Thou Shalt Always Kill

"Thou Shalt Always Kill" is a 2007 song by dan Le Sac Vs Scroobius Pip.

The song comprises an electronic dance beat with the vocals taking the form of a rant at aspects of modern British culture. The pivotal message is to "think for yourselves" rather than to follow current trends or get caught up in hype. The artists claim that the title, and final line of the song, refer to 'killing' as performing excellently in the Hip Hop vernacular.

The song was named NME's track of the week in an April 2007 issue, despite the lyric "thou shalt not read NME" appearing in the song.

The track was released for digital download on 2 April 2007 followed by 7" vinyl on 16 April, reaching #30 in the UK charts. It entered and peaked at #34 in the official UK singles chart. The stand-alone download of Angles reached position #193 on the official UK Top 200.

The song was re-released in 2009 with additional vocals by Pos Plug Won (Posdnous) of De La Soul.

Read more about Thou Shalt Always Kill:  Song References, Track Listing, Re-release Track Listing, Trivia

Famous quotes containing the words thou shalt, kill, thou and/or shalt:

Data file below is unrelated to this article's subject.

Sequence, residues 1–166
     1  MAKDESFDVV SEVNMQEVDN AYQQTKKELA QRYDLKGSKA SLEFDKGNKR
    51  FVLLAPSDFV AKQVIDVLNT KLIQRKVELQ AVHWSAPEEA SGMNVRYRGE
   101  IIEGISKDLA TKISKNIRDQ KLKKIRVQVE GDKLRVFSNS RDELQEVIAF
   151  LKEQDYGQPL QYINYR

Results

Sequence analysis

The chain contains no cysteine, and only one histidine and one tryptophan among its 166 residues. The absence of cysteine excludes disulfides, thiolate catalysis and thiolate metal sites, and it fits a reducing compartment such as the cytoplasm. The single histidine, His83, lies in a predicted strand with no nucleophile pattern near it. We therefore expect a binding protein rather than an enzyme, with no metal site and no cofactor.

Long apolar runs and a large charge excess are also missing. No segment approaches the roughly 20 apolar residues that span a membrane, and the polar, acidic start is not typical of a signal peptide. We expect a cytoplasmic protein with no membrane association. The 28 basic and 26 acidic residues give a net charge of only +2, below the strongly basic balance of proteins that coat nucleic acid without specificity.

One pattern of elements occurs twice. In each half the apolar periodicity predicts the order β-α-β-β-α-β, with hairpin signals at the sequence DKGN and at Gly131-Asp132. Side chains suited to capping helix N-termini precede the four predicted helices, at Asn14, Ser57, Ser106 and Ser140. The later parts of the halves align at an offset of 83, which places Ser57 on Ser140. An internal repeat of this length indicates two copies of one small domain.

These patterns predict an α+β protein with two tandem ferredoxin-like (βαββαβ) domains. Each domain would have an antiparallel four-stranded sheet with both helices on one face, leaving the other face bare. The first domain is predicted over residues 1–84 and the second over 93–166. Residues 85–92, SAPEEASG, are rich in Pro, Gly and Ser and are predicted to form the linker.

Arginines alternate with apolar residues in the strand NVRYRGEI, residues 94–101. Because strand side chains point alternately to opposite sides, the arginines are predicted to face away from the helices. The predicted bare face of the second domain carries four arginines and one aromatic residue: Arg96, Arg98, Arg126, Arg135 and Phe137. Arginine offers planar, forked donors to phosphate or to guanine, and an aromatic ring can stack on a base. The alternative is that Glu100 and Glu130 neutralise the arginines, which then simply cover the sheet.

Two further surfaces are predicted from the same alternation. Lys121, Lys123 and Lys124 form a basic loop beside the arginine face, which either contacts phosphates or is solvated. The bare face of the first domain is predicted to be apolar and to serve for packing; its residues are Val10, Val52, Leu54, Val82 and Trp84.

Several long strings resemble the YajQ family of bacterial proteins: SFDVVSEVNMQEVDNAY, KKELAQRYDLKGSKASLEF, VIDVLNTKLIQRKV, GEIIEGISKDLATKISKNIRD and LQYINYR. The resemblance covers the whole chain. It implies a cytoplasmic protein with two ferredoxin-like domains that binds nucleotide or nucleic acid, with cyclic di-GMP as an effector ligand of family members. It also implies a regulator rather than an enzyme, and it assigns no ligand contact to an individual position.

Thou shalt not take the name of the Lord thy God in vain; for the Lord will not hold him guiltless that taketh his name in vain.
    Bible: Hebrew Exodus, 20:7.

    The third commandment.

    Now what sort of man or woman or monster would stroke a centipede I have ever seen? “And here is my good big centipede!” If such a man exists, I say kill him without more ado. He is a traitor to the human race.
    William Burroughs (b. 1914)

    Whilst all the land was ringed with bristling arms
    And flames laid waste our world,
    All that was left me was a little garden
    And thou within it, my beloved, my comrade.
    Stefan Zweig (18811942)

    Without, the frost, the blinding snow,
    The storm-wind’s moody madness—
    Within, the firelight’s ruddy glow,
    And childhood’s nest of gladness.
    The magic words shall hold thee fast:
    Thou shalt not heed the raving blast.
    Lewis Carroll [Charles Lutwidge Dodgson] (1832–1898)